The successful design and realization of a validatable life sciences cleanroom won’t happen by chance. Early and continuous coordination and communication among all parties involved - from process design and scale-up through cGMP layout, pre-construction design review, commissioning, validation, and onsite inspection by regulatory authorities - is essential. The time spent in design optimization in the front end, well in advance of the “bricks and mortar” stage, will be saved many times over.

Manufacturing pharmaceutical and biotechnology products requires that the appropriate level of quality be designed and constructed into the facility, and into the systems that support the production process.

A review of Form 483 observations and warning letters (or Notice of Inspectional Observations) from the Food and Drug Administration (FDA) indicate that “inadequate facility design” and “environmental and personnel monitoring” are good areas for increasing compliance focus.

And, why worry about HVAC? Doesn’t everyone know how to design and build these ubiquitous systems? FDA Inspectional Findings have included some of the following:

“HEPA leak testing criteria, for example, should specify what is considered to be a major leak; smoke studies performed under static and dynamic conditions should demonstrate unidirectional airflow at the critical height of the fill; specifications on HEPA to HEPA variations in air velocity should be established since widely divergent velocities have the potential for turbulent air flows....”

Other common 483 inspectional observations with respect to building and facilities include:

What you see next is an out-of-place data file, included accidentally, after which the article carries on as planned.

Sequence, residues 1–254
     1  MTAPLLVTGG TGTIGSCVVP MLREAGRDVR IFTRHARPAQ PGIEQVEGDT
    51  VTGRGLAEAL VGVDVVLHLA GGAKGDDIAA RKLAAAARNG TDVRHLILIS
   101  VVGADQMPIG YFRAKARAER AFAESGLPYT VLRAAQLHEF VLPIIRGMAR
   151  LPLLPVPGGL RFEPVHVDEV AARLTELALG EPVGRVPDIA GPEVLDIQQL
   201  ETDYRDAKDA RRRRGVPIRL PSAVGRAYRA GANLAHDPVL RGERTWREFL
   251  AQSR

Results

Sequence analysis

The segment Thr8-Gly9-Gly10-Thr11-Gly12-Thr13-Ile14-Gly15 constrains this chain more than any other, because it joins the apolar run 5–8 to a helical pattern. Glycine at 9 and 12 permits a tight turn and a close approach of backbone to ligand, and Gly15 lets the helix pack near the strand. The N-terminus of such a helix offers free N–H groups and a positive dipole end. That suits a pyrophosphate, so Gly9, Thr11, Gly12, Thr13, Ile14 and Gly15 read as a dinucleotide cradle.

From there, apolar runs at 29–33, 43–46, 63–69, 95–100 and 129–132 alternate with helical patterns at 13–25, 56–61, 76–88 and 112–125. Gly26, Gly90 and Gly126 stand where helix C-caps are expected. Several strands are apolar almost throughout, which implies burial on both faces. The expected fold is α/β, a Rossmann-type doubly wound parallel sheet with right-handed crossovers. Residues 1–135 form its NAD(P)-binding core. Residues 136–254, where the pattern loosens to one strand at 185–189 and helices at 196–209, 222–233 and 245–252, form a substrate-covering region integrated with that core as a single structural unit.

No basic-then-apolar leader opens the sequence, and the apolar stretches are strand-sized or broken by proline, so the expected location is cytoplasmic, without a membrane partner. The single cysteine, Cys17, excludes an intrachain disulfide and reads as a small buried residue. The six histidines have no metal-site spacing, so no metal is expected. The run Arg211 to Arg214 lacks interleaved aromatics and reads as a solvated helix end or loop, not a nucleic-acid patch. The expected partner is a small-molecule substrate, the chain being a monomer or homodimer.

“… There have been documented failures in provisions for separating or defining areas to prevent contamination, cross-contamination, or mix-ups. Inspections have also revealed poorly designed or inappropriate air handling systems, a lack of temperature/humidity monitoring, and poorly designed water systems.”

How do these situations develop? The FDA normally does not dictate how to achieve a specific outcome. Regulatory guidelines specify performance, not methods. For instance, a number of unidirectional flow aseptic fill cleanrooms, once built, proved unable to meet validation requirements. In most of these situations, the aseptic fill application was treated as if it were simply a Class 100 particle count requirement without regard for the critically important airflow patterns and velocity profiles required to ensure that exposed products and components are protected from contamination.

This control aspect, as demonstrated by a suitable and appropriate flow of air that “washes” the surfaces within the critical zone and which exhibits unidirectional flow, is essential for proper performance.

When observing an operation, the FDA assesses whether the design creates potential contamination routes, for example:

  • Does the design adequately incorporate appropriate separation and control measures for the differing levels of air quality required by a particular operation?
  • Are material choices (e.g., composition of material and surface quality) consistent with the need for cleaning, sanitization, and sterilization?
  • Is there a maintenance program that appropriately addresses the gradual breakdowns in facility infrastructure?
The successful design and realization of a cleanroom or containment project does not happen by chance. Time spent preparing as complete a Basis of Design (BofD) as practical will be saved many times over during implementation. The following listed elements are required to establish a BofD document:
  • Process description and process flow diagrams